#CBR4 Cannonball 20: Understanding Comics: The Invisible Art by Scott McCloud

Understanding Comics: The Invisible ArtUnderstanding Comics: The Invisible Art by Scott McCloud
My rating: 5 of 5 stars

I was never into comics as a kid. Part of that was because I didn’t have any money to spend on them, so I never had access to them. And, as I got older, I dismissed them as the trappings of pre-adolescent boys bound for lives of solitude and obesity.

I’m still not really into traditional comics, but I’ve grown a certain appreciation for graphic novels. When this post was published on Pajiba, it was right after I started using Goodreads, and I promptly added all of Seth Freilich’s recommendations to my reading list. It was a great introduction to the medium, and I’ve been steadily working through the list. I like to alternate between graphic novels and traditional novels, since it does feel a little like cheating, sometimes. It’s never taken me longer than a day to read through any one graphic novel (although I do take volumes a volume at a time).

Now that I have a few graphic novels under my belt, I’m glad that I had a chance to read Scott McCloud’s Understanding Comics. The book is clearly a labor of love, and McCloud uses many clever illustrations (both literally and figuratively) to demonstrate the power of combining images and words into a single art form.

understanding comics

McCloud touches on the history of comics, and then proceeds to explain and demonstrate how the mind interprets images, which makes the comic book an especially powerful medium. Some of his examples really blew me away, and it’s clear that he gave a lot of thought to how to present his material. It’s really inventive throughout, and makes me think that kids would learn a lot more about all kinds of different topics if textbooks were presented as graphic novels. Some people (like me) are just visual learners, and we remember what we see a lot better than what we hear.

This book is a must-read for comic book lovers, and for anyone who thinks comic books are derivative and childish. There are some comics that are derivative and childish, but others are quite creative and moving. Understanding Comics is one of the best ones.

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3 Comments »

  1. […] you think graphic novels and comics are just for kids and socially stunted man-children, read Understanding Comics before making up your mind. This graphic novel is a thoughtful and inventive look at the art of […]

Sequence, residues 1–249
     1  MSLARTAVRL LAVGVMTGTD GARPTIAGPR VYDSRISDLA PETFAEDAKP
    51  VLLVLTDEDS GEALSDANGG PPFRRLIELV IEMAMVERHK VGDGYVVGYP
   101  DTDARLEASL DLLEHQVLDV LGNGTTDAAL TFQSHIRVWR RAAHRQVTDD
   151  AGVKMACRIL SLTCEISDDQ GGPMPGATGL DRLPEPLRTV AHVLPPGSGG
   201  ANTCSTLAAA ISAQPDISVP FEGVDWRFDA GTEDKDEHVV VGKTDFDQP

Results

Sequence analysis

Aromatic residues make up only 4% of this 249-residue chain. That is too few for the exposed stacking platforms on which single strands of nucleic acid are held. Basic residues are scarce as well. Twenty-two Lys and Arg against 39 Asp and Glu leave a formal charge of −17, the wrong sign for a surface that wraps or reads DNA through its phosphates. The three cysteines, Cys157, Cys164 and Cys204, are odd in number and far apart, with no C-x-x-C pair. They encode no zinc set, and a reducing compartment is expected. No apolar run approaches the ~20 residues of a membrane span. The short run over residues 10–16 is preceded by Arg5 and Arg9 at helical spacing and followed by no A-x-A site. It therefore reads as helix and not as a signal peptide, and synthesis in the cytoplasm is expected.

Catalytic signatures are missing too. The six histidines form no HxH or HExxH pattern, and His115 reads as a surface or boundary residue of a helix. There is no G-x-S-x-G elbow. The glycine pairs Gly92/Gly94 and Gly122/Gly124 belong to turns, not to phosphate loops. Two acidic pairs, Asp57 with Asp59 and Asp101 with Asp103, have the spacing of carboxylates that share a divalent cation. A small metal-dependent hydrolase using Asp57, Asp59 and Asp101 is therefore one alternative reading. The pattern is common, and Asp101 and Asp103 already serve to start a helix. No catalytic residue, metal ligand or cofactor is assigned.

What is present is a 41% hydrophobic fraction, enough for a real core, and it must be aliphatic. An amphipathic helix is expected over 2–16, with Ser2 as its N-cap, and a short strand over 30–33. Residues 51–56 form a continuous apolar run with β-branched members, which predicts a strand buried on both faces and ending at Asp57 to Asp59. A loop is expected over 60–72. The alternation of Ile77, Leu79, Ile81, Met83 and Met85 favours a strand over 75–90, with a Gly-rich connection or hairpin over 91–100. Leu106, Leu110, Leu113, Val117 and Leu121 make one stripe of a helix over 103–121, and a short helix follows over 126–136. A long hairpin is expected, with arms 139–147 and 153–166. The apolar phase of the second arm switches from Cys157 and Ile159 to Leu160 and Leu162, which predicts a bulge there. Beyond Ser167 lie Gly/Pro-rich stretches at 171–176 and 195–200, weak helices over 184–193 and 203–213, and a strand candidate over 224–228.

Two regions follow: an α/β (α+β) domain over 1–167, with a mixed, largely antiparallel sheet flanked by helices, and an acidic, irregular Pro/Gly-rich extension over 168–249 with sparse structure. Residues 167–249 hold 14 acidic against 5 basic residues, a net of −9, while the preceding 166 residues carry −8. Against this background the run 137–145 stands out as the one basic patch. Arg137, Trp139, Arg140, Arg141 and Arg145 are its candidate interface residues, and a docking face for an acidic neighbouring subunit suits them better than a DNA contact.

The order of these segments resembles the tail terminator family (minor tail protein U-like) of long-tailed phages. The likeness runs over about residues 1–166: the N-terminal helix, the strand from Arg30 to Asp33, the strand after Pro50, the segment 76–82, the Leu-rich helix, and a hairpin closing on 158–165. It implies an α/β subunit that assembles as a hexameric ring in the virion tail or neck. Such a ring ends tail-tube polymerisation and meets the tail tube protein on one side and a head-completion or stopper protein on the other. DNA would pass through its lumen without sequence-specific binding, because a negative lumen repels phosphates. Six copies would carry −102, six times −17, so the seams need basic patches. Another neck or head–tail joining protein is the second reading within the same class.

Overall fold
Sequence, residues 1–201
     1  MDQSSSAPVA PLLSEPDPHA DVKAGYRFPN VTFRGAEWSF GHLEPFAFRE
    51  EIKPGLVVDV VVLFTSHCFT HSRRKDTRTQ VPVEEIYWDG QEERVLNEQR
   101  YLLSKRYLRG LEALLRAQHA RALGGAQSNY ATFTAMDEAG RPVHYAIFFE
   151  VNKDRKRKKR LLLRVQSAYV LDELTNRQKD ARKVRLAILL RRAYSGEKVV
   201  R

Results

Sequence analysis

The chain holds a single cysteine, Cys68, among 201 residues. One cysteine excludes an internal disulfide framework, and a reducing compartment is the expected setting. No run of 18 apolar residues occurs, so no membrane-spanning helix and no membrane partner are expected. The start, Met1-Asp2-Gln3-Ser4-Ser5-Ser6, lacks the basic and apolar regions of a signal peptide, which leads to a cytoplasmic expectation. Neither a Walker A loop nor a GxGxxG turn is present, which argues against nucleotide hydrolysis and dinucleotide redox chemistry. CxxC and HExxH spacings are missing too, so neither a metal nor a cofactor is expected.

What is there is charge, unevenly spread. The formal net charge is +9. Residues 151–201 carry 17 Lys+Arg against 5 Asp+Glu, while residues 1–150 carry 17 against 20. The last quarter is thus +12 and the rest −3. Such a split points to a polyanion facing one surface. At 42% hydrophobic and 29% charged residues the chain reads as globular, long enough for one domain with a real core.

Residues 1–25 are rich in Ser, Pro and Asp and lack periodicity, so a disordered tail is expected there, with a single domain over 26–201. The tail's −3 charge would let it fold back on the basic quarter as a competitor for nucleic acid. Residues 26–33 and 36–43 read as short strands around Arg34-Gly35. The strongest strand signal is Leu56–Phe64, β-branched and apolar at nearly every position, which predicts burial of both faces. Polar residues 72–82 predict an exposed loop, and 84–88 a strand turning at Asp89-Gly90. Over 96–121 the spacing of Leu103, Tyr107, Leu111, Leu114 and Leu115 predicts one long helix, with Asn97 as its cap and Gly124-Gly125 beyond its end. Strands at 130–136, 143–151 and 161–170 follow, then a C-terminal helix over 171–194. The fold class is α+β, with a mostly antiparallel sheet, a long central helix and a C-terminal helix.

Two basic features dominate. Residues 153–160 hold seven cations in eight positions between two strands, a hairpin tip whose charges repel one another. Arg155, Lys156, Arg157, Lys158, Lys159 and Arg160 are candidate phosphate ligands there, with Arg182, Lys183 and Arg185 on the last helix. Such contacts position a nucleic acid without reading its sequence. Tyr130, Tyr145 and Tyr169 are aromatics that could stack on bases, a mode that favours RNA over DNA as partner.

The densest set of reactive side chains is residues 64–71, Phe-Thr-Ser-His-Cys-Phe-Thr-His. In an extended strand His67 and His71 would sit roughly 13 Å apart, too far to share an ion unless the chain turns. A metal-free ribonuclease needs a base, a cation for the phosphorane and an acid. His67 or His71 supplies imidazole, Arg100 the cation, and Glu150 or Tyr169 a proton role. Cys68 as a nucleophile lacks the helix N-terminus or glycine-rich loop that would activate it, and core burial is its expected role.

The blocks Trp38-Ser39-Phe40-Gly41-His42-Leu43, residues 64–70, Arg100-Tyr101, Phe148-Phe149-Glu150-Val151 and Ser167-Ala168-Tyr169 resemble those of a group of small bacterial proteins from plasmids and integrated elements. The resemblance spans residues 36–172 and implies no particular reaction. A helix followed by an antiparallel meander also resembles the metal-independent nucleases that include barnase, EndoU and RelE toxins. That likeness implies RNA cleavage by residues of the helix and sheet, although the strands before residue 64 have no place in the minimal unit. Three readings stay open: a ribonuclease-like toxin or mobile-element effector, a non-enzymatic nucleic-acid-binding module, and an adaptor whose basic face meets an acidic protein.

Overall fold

2. idleprimate Said:

    McCloud has several realy awesome books in this vein.

    you mentioned the notion of graphic novel textbooks for children. children’s textbooks do often utilize illustration and characters who wpeak in speech bubbles. As well, i took a german class a while back, and at the end of each chapter in the textbook there was always a two-three page comic story portraying people in conversation using whatever was covered in the chapter. We were then supposed to acti it out. None of that is all that sophisticated, compared to rich potential McCloud describes.

    The closest I have seen to that is there were two book series popular in the nineties, usually with the college set. One was Introduction to ‘X’ and the other was ‘X for Beginners, where ‘X’ was a science, philosophical concept, -ism or important thinker or historical figure. These books were presented in graphic novel form, comic illustrations and shorter bursts of text. They used dramatic tableaus, humour, spectacle, etc. They were immensely readable and digestable. and they were not misleading or oversimplified. In short, they were excellent introductions and jumping off points for a wide range of exciting areas of study.

    i don’t usually comment, but I have been enjoying your book reviews. I read a lot of everything, and I am also a huge fan of the comics/graphic novel medium.

    and I am always grateful that comics never made me obese ; p

    • Jelinas Said:

      HAHA!! idleprimate, that zinger at the end made me snort. And that Introduction to X book sounds fascinating. I love learning that kind of stuff; would you happen to remember who wrote or published those series?


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